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Ultimate Achievement

Fighting Gobies win All-Ohio Conference Tournament

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Ultimate Achievement

Fighting Gobies

Fighting Gobies

Fighting Gobies

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Looking out on the quad this time of year, you will probably see a group of students relaxing by throwing a Frisbee around. More likely than not, they are part of the Fighting Gobies, Case Western Reserve University’s Ultimate team, and you are seeing them at their least competitive.

The Gobies men’s team won the Ohio Conference Championships last weekend, their first ever conference win. The women’s team finished in second place in their conference, as both teams advanced to the Ohio Valley Regional Championships next weekend.

In the championship match against Ohio University (OU), the Gobies prevailed in thrilling fashion, winning 15-14 on a universal point caught by second-year Michael Kasper. Neither team led by more than three points, and the game was tied at 11, 13 and 14 points.

Fourth-year and team captain Matt Tedesco says both the win  in the championship and the win in the semifinal match against Ohio State University (OSU) were huge confidence boosters for the team. “The fact that we were able to focus in big games against teams that we’ve historically have trouble beating,” he said. According to him, this is big for the mindset of the team.

The 2015-16 season has been a banner year for the Gobies due to a change in mentality, according to Tedesco. “The overall mentality of our team was much more competitive,” he said, citing the fact that groups of individuals meet outside of their regularly scheduled six hours per week of practice time. This year, the team also has traveled the most miles they ever have, going to two tournaments in South Carolina and one each in North Carolina and Missouri.

In the past, the team was not treated with a lot of respect nationally. “The big teams don’t look at Case as a threat,” said graduate student Milo Korman. This disrespect created a chip on the team’s shoulder this year that drove their competitiveness, but after beating the powerhouse teams in the region, the Gobies have a target on their backs.

Another reason for the team’s success this season is the addition of Head Coach Daniel Young, a doctoral student in biomedical engineering. According to Tedesco, an “instrumental part” of the team’s success was “having those extra pairs of eyes on the sideline and the analysis that follows it.”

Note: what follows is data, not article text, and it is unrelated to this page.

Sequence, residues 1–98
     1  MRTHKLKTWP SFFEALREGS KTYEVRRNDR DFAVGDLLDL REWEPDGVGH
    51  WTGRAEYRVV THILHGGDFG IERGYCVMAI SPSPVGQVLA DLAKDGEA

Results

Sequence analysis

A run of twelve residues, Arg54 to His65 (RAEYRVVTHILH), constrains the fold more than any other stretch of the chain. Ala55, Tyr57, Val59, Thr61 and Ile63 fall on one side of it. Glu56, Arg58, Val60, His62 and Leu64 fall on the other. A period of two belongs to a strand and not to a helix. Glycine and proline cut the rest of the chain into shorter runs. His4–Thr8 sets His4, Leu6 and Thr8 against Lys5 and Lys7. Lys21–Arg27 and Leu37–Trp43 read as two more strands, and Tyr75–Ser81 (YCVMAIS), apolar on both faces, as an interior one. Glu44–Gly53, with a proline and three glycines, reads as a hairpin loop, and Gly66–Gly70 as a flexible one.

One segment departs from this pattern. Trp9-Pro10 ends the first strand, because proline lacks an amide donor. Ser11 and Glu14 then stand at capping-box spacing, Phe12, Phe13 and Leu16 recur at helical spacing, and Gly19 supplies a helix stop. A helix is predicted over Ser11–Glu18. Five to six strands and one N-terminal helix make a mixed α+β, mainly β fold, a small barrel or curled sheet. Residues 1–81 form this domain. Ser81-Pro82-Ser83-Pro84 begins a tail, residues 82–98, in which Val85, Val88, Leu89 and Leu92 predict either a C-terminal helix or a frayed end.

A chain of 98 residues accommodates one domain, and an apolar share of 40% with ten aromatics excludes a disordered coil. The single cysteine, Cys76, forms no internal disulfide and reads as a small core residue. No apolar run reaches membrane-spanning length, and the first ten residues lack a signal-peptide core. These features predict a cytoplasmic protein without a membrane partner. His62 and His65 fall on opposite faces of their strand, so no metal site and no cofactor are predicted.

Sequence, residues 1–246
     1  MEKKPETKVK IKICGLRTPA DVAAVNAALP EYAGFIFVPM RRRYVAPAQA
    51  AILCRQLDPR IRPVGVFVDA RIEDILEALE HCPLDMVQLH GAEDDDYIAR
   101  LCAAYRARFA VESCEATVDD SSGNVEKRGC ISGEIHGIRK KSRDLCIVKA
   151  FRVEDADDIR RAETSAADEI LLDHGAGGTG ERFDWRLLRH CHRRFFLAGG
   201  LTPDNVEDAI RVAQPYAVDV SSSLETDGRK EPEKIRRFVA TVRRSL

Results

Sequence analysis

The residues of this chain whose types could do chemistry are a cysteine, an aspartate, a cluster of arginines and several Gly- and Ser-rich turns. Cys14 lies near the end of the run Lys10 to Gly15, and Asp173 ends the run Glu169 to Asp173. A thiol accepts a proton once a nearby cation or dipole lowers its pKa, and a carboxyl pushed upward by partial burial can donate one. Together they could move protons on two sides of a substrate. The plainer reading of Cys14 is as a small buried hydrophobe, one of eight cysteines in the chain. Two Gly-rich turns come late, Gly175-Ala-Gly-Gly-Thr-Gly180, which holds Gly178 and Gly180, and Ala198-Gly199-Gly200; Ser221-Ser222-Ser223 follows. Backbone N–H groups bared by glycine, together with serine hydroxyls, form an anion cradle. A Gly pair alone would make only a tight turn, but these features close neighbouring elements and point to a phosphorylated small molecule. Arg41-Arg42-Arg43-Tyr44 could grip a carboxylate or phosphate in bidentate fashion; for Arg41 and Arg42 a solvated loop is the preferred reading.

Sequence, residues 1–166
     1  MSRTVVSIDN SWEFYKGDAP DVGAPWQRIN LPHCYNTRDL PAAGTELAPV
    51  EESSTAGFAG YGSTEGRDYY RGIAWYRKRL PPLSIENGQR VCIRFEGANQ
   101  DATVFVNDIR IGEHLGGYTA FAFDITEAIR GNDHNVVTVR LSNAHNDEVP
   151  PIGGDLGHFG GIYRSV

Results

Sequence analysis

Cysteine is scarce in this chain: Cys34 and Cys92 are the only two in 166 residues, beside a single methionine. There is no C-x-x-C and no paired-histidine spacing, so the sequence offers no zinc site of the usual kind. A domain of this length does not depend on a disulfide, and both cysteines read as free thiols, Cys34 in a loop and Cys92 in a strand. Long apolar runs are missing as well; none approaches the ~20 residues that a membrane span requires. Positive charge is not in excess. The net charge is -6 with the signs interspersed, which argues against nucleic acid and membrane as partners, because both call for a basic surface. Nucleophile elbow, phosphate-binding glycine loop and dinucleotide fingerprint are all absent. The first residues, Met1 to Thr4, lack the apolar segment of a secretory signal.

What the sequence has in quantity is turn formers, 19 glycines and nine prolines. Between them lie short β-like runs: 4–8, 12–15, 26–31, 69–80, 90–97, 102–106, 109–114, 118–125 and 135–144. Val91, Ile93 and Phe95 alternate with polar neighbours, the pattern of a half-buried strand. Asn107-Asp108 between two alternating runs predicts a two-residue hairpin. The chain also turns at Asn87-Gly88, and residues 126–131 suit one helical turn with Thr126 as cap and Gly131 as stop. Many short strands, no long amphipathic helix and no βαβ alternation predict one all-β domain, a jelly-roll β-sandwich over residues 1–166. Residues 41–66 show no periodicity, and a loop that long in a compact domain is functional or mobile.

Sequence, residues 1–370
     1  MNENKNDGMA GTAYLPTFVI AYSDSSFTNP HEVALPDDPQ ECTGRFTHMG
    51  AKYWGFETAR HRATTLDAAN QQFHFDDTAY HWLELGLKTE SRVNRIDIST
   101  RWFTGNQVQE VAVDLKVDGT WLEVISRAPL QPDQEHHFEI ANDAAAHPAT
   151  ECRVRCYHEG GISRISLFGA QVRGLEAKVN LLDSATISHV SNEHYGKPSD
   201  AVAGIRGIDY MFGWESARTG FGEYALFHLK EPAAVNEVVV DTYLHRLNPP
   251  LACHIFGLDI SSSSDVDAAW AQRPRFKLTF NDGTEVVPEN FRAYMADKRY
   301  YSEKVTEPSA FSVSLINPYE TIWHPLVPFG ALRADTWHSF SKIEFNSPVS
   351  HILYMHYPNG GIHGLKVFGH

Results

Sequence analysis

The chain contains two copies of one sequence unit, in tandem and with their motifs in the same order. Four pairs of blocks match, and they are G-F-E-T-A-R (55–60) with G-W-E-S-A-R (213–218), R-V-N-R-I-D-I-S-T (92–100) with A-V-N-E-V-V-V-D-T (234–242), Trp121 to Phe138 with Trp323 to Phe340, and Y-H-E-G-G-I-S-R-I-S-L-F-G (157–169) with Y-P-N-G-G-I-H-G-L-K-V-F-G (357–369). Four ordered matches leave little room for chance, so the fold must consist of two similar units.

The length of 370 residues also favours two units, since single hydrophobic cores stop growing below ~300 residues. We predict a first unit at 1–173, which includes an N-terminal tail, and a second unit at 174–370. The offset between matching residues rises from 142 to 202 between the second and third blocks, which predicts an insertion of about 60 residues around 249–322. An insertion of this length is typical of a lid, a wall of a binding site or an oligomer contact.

Finally, Tedesco attributes new players as the final piece that unlocked the Gobies’ success. Graduate students Korman and Joseph Marmerstein, both new to CWRU this year, as well as an influx of first-year talent, have been integral part of the team’s success.

The win was a historic one for the Gobies, but the team is looking to make more history. “The ultimate goal would be to go to Nationals,” said Tedesco, something the team has never accomplished in its 20-year history. There is still more work to be done to get there, though. Going into regionals, the squad needs to improve on their defensive sets, said Tedesco. This is a weakness against strong opponents like OU and OSU, the exact same opponents they will face next weekend.

Not to be outdone, the women’s team is at the end of a long rebuilding process. It lost no graduates coming into this year, and with its core group of women, the team expected to be competitive in the upcoming regional tournament. “We have a really strong team dynamic,” said Team Captain Sophia Knowles. “We have lots of people who have played together for a while.”

Before the rebuild started, the women’s team was one game away from making Nationals—a feat the men have not yet accomplished—and have a goal of reaching that game again this year.

The Ohio Valley Regional Tournament takes place next weekend for both the men’s and the women’s team, with the men playing in Columbus, Ohio and the women in West Chester, Pa. To follow the action, follow the teams on Twitter, as both feeds provide detailed play-by-play for every match.  

About the Writer
Eddie Kerekes, Executive Editor

Eddie Kerekes is in his fourth year studying chemical engineering while also pursuing a minor in German. He serves as the executive editor. Previous roles...

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